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Evaluation of Evolocumab (AMG 145), a Fully Human Anti-PCSK9 IgG2 Monoclonal Antibody, in Subjects With Hepatic Impairment.

Authors
  • Gibbs, John P1, 2
  • Slatter, J Greg1, 3
  • Egbuna, Ogo1
  • Geller, Michelle4
  • Hamilton, Lisa5
  • Dias, Clapton S1, 6
  • Xu, Ren Y1, 7
  • Johnson, Jessica1
  • Wasserman, Scott M8
  • Emery, Maurice G1
  • 1 Medical Sciences, Amgen, Inc., Thousand Oaks, CA, USA.
  • 2 AbbVie, North Chicago, IL, USA.
  • 3 Acerta Pharma, Bellevue, WA, USA.
  • 4 Global Safety, Amgen, Inc., Thousand Oaks, CA, USA.
  • 5 Biostatistics-Internationals, Amgen, Inc., Uxbridge, UK.
  • 6 BioMarin Pharmaceutical Inc., San Rafael, CA, USA.
  • 7 Gilead Science Inc., Foster City, CA, USA.
  • 8 Global Development, Amgen, Inc., Thousand Oaks, CA, USA.
Type
Published Article
Journal
Journal of clinical pharmacology
Publication Date
Apr 01, 2017
Volume
57
Issue
4
Pages
513–523
Identifiers
DOI: 10.1002/jcph.832
PMID: 27667740
Source
Medline
Keywords
License
Unknown

Abstract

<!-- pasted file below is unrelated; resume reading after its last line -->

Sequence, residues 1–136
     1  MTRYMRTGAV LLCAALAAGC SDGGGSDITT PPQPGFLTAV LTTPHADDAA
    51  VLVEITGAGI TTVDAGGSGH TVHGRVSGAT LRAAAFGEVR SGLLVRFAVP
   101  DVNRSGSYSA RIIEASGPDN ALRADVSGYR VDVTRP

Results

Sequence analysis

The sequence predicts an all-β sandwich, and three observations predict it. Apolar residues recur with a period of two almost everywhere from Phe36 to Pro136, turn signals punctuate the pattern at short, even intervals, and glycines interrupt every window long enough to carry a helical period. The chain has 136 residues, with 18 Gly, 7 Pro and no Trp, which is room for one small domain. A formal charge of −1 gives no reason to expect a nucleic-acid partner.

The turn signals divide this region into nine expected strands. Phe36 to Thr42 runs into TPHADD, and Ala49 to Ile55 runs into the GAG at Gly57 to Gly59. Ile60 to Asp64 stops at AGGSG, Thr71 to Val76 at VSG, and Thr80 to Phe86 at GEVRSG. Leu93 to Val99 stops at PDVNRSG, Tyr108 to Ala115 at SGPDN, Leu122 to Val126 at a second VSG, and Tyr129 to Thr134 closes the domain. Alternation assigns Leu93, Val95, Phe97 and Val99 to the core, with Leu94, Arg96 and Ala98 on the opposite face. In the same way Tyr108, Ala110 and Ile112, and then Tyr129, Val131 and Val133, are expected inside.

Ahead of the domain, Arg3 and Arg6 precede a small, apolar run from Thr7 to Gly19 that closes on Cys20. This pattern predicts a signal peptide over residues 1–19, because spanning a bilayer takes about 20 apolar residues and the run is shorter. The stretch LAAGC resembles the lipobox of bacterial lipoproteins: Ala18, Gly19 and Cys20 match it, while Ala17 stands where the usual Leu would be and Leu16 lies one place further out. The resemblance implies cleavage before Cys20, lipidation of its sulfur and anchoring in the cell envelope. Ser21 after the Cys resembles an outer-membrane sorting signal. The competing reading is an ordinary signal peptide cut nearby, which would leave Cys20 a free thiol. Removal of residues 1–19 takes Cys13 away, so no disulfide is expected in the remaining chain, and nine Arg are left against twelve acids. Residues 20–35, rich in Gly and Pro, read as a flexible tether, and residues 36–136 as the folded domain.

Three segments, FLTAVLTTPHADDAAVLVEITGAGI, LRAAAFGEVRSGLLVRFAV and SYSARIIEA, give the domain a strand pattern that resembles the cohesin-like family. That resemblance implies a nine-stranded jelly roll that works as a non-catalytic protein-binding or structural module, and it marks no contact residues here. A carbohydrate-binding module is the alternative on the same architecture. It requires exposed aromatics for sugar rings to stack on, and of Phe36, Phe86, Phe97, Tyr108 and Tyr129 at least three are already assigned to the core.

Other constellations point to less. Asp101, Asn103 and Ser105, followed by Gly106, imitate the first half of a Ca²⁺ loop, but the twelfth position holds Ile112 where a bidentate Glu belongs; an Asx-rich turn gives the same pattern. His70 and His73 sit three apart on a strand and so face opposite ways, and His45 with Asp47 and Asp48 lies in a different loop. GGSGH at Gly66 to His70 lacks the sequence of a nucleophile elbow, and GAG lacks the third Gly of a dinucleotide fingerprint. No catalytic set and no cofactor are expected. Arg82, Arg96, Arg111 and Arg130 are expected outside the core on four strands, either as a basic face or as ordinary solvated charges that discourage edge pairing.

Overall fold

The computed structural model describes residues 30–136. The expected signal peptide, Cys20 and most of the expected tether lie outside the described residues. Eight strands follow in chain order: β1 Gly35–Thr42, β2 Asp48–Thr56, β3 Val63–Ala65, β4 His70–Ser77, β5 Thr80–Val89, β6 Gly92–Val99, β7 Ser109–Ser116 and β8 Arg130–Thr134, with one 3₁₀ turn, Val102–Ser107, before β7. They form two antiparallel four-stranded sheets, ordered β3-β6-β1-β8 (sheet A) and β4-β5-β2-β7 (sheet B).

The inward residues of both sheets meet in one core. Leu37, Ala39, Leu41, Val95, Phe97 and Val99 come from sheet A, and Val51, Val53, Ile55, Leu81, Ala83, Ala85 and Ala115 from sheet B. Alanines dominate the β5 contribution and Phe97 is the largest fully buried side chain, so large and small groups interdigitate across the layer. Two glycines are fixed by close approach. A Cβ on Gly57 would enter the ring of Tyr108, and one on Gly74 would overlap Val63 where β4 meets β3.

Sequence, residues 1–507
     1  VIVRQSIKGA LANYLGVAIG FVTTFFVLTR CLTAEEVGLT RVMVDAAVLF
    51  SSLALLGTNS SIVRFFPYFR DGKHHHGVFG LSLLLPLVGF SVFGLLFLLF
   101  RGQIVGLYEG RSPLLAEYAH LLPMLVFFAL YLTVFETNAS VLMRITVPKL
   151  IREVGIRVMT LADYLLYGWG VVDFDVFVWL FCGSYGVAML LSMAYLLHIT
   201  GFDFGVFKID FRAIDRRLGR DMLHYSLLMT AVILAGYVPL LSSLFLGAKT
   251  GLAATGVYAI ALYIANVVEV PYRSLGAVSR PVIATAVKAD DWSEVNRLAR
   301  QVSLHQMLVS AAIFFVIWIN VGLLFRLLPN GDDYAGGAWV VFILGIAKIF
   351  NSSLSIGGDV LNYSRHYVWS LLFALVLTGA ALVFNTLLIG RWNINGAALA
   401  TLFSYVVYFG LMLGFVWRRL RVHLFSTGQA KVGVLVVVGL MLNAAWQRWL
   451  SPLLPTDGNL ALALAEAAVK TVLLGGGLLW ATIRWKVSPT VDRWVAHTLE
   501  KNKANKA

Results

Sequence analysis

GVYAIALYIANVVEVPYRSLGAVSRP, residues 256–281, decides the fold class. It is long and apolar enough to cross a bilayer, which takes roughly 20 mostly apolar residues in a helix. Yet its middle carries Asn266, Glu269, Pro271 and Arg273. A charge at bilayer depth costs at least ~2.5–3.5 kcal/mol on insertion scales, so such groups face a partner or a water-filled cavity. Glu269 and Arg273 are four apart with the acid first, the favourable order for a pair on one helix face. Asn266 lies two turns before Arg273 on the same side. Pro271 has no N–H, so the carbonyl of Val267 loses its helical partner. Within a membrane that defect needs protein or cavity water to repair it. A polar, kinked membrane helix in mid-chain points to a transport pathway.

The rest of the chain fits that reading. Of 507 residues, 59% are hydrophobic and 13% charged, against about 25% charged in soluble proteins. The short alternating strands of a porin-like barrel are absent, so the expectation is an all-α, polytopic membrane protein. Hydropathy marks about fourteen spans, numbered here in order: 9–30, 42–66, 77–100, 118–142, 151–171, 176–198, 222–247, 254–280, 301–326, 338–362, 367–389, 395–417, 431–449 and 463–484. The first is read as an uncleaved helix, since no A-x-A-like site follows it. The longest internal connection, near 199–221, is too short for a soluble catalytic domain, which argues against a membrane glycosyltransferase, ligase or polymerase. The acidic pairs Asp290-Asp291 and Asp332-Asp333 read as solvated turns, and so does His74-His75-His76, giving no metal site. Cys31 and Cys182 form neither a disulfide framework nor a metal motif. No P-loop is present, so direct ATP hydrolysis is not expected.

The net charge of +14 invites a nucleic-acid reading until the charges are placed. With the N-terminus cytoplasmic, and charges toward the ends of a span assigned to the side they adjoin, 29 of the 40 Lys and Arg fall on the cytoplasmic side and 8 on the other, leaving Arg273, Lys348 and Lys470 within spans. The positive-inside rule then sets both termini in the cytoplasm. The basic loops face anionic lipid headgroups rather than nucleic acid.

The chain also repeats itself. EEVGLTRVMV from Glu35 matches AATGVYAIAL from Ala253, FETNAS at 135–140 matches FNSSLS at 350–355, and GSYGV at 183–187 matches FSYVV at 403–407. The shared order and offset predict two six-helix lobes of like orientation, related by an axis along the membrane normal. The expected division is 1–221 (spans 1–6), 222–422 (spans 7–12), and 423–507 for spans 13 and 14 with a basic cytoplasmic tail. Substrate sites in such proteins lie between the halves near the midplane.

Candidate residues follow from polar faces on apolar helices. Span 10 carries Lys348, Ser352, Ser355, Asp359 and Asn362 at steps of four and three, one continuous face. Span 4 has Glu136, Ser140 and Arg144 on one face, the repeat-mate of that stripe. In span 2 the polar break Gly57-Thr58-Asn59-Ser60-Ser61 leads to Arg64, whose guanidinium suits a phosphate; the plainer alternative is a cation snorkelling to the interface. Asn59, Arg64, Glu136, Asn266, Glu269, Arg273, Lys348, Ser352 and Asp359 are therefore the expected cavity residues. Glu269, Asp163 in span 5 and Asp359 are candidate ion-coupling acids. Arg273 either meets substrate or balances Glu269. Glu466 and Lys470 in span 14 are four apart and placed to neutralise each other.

Evolocumab binds PCSK9, increasing low-density lipoprotein cholesterol (LDL-C) receptors and lowering LDL-C. Target-mediated evolocumab elimination is attributable to PCSK9 binding. As circulating PCSK9 and LDL-C levels are primarily regulated by the liver, we compared evolocumab pharmacokinetics, pharmacodynamics, and safety in individuals with and without hepatic impairment. An open-label, parallel-group study evaluated the pharmacokinetics of evolocumab in hepatic-impaired (Child-Pugh Class A or B) or healthy adults. Participants were classified as having no, mild, or moderate hepatic impairment (n = 8/group) and received a single 140-mg evolocumab dose. Assessments of unbound evolocumab and PCSK9 were made predose and postdose. Adverse events were monitored throughout the study. No significant association was observed between baseline PCSK9 and increasing level of hepatic impairment. No difference in extent and time course of PCSK9 or LDL-C reduction was observed despite an apparent decrease in mean unbound evolocumab exposure with increasing hepatic impairment (Jonckheere-Terpstra trend test; maximum serum concentration P = .18; area under the curve P = .09). Maximum reductions were observed in moderately impaired subjects vs healthy individuals: mean maximum serum concentration -34%; mean area under the concentration-time curve (AUC) -47%. On average, unbound PCSK9 serum concentrations fell by >80% at 4 hours after a single evolocumab dose. Mean (95% confidence interval) maximum LDL-C reductions in the healthy, mild, and moderate groups were -57% (-64% to -48%), -70% (-75% to -63%), and -53% (-61% to -43%), respectively. No safety risks were identified. These results support evolocumab use without dose adjustment in patients with active liver disease and mild or moderate hepatic impairment.

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